Leaving the Kuna Yala islands this morning. There wasn’t nearly as much remorse as one would expect when departing with a picturesque, straight – from – Hollywood, Caribbean island. Although we were in paradise for the last few days, we were all very excited to clean our hair and bodies in what is probably the most unsung hero of a human invention: the shower. After our lovely final breakfast, composed of pancakes and eggs, we drove thought the mountainous jungle towards our Panama City hostel. When first coming to the hostel, most of us felt like we were real ruffians for foregoing so much luxury. Now, we have an expanded appreciation for the beauty of electrical sockets, flushing toilets, showers, and other things we had previously taken for granted. For dinner we took a short walk to the chic restaurant, Crepes & Waffles. We had some exceptional crepes and waffles in a setting that was as sophisticated as that of a high-class restaurant in New York! Tomorrow we meet our homestay families after a 6 hour bus ride. To prepare for our home stays, we acted out various possible scenarios that highlighted challenges and funny moments that accompany language and cultural barriers. We are very excited!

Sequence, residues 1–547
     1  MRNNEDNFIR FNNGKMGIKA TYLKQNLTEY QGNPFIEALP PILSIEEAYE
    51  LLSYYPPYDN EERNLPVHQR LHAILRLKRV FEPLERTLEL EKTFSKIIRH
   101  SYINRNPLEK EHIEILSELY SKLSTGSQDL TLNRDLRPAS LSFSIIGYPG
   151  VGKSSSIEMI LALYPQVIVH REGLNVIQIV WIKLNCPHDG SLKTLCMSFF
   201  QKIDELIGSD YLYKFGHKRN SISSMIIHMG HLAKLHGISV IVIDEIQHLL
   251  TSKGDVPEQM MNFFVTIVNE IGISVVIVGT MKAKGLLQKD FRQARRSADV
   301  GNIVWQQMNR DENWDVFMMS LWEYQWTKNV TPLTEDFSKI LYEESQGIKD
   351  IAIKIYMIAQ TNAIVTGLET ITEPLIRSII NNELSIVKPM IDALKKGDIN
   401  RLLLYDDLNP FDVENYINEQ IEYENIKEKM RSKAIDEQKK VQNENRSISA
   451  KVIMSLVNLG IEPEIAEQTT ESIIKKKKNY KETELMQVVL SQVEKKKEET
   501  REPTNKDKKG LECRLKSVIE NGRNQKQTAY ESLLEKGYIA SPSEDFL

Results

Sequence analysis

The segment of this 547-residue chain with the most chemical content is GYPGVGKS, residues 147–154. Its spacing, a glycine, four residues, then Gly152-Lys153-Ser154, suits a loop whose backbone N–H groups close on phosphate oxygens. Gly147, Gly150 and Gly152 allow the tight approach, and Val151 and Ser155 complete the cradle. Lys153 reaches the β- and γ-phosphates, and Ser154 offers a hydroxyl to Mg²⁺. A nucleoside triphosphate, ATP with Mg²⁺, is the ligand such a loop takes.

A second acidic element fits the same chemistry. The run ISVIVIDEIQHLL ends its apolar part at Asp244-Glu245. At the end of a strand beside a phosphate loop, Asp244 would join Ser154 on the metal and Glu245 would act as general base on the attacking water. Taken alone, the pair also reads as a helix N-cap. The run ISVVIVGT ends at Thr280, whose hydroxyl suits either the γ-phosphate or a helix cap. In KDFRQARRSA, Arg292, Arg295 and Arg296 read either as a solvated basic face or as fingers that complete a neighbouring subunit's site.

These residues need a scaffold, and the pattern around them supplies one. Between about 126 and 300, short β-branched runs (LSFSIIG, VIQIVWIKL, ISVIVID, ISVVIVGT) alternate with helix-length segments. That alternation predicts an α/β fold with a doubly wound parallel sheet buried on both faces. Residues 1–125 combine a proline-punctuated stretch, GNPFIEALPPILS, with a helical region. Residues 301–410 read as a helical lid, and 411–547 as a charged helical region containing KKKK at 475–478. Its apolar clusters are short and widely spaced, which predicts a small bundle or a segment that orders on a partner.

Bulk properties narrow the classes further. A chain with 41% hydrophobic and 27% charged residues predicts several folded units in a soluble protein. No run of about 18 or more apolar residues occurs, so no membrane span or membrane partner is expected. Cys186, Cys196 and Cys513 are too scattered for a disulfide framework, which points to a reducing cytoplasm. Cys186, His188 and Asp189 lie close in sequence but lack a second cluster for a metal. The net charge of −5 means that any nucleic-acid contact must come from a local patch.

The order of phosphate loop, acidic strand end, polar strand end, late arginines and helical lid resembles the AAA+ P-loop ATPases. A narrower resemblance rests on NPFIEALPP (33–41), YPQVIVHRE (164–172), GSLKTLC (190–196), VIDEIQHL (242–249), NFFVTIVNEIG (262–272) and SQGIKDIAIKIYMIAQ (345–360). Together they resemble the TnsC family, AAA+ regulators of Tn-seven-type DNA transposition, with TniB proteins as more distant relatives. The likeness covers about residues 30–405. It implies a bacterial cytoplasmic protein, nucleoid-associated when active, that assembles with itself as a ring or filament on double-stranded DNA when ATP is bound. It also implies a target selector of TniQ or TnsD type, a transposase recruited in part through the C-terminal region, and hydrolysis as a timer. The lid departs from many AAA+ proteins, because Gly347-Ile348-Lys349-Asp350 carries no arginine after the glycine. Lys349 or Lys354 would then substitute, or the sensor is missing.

July 16, 2017
Today, while uneventful because it was a travel day, it was also one of the most nerve-wracking days thus far. Today was the day we travel to Santa Fe to meet our host families. We had breakfast, consisting of fruit and cereals, and board of the bus for a 6 hour long drive. We watched Moana and stopped by grocery store where some of us bought peanut butter and others stocked up on candy, Some of of the best comforts in the world! We also had a traditional Panamanian lunch where some of us got fish, others chicken, and others opted for the vegetarian portobello mushroom dish.
After the grocery store stop it was time to read letters from our host families and meet them 30 minutes later. Every family had written each one of us a letter welcome us into their homes and telling us a little bit about themselves. When we arrive to Santa Fe our families met us in a little Pavilion and we were all introduced. It was terrifying! But they were all very sweet. Some families were very shy and it was hard to talk with them while others were more outgoing.